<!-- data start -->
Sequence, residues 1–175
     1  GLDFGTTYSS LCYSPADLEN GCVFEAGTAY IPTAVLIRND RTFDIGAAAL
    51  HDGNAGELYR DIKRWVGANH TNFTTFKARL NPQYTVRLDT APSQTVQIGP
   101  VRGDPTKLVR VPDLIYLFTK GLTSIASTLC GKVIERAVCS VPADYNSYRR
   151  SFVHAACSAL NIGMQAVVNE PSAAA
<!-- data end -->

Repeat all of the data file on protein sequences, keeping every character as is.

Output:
Sequence, residues 1–175
     1  GLDFGTTYSS LCYSPADLEN GCVFEAGTAY IPTAVLIRND RTFDIGAAAL
    51  HDGNAGELYR DIKRWVGANH TNFTTFKARL NPQYTVRLDT APSQTVQIGP
   101  VRGDPTKLVR VPDLIYLFTK GLTSIASTLC GKVIERAVCS VPADYNSYRR
   151  SFVHAACSAL NIGMQAVVNE PSAAA